Yet new types of molecular species, unnatural modifications, and analytical techniques often mean breaking new ground from a regulatory perspective, and there is not always clear regulatory guidance to cover every circumstance, often requiring manufacturers to use their judgment.

“Scale does not present any particular challenges at present from a synthesis perspective,” says Lax. “Few peptides are being manufactured at a scale above 100 kilograms/year; many more are being produced within the 30–50 kilogram range, and that number is increasing.

“You can make 100s of kilograms cost efficiently using solid-phase peptide synthesis technology, but you need large-scale reactors and the capability to do large-scale cleavage and purification, all the way through spray drying, or more typically lyophilization,” says de Chastonay. And you need all of the infrastructure to go along with such a large-scale manufacturing operation, including, for example, solvent delivery, solvent handling, and waste-stream handling. At the same time, notes de Chastonay, companies are under pressure to meet increasingly strict emission and waste disposal standards.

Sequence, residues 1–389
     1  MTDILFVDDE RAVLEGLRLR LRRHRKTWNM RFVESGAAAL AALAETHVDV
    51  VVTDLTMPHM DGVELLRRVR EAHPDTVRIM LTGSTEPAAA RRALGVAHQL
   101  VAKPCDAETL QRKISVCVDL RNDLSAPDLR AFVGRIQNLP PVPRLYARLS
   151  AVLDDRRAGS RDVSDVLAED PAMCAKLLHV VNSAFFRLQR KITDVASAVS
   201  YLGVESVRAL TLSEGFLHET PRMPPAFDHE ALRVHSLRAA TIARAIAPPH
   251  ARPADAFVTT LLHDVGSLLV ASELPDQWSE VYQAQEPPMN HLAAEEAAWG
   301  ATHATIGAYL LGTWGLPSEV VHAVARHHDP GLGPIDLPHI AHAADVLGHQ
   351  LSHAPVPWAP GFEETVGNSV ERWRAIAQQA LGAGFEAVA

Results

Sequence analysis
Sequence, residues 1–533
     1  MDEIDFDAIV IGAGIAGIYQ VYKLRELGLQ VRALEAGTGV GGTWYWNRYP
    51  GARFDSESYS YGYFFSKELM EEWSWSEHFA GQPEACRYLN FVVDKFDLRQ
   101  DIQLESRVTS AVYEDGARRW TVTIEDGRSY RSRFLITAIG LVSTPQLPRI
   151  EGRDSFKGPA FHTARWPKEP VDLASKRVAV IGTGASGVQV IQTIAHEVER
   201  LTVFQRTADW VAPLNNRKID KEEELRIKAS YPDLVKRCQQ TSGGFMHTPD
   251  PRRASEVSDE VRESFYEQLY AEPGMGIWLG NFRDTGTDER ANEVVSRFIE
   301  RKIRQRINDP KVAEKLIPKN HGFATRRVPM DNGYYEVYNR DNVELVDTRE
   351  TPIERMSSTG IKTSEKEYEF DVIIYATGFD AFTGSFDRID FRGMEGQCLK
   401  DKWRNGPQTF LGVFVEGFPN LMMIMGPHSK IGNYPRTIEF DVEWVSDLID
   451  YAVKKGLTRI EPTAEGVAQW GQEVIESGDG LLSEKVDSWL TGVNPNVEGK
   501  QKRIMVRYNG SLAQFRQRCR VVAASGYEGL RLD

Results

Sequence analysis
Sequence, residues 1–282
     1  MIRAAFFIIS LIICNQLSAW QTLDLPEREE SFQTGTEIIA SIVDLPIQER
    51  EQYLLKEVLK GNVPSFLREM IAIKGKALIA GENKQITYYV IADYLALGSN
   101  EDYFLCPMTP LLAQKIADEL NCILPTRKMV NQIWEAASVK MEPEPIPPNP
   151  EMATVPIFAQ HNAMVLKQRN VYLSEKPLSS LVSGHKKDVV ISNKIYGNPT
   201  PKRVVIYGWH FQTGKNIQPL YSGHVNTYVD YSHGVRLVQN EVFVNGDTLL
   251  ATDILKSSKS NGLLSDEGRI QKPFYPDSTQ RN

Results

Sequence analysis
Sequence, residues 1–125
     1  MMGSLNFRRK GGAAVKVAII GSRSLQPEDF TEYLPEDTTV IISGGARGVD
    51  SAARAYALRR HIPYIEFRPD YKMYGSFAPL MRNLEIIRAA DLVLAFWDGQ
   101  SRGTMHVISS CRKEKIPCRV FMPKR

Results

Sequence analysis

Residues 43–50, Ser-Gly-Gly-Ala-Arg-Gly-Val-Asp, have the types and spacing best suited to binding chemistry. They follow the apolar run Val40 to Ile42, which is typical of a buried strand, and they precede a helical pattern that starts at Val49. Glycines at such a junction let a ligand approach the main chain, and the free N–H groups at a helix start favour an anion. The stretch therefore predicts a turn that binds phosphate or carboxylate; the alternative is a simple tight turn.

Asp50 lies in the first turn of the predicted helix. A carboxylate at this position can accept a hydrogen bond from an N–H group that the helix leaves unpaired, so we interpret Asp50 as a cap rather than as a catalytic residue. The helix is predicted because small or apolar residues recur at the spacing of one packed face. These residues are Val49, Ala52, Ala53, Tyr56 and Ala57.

As recently as five years ago, “the upper sequence length we would seriously look at for a GMP project without extensive preliminary investigation would have been about 40 amino acids,” explains Lax. “That number has now shifted to 60–70 amino acids, largely due to progress in analytical technology and improvements in preparative HPLC media.”

With the large columns available “we routinely make batches of many kilograms,” says de Chastonay. But there are important considerations, such as having that much money invested in a single batch of product. “And you have to consider issues related to scale-up, such as how long it takes to purify; will you get degradation?” Similarly, for large batches, is it important to invest in lyophilization equipment that is sized properly?